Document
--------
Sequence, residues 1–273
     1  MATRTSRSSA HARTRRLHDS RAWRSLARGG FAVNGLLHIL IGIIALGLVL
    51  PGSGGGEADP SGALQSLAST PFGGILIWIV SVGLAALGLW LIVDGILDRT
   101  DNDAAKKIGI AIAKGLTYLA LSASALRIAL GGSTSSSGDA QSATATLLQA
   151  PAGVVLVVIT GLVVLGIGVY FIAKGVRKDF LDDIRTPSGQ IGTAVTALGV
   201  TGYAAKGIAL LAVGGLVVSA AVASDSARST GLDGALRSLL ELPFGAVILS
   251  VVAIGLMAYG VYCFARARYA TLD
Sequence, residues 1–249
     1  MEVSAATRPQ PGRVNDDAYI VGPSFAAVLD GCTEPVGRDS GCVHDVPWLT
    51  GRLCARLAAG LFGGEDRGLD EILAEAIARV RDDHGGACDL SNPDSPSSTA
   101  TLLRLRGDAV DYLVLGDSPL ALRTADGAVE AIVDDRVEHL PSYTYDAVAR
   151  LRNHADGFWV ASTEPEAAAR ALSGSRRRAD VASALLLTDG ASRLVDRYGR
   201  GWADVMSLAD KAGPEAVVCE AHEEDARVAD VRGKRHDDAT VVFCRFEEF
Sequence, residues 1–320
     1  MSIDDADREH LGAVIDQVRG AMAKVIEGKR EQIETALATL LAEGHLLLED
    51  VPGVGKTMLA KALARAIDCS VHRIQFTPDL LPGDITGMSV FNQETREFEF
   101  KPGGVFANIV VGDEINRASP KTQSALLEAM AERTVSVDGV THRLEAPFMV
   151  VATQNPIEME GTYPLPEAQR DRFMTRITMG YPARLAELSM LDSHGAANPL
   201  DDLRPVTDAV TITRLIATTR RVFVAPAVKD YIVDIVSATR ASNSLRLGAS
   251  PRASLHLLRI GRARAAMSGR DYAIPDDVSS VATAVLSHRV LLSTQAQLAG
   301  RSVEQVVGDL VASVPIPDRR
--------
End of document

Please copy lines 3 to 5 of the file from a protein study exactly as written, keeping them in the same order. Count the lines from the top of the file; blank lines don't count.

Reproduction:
    51  PGSGGGEADP SGALQSLAST PFGGILIWIV SVGLAALGLW LIVDGILDRT
   101  DNDAAKKIGI AIAKGLTYLA LSASALRIAL GGSTSSSGDA QSATATLLQA
   151  PAGVVLVVIT GLVVLGIGVY FIAKGVRKDF LDDIRTPSGQ IGTAVTALGV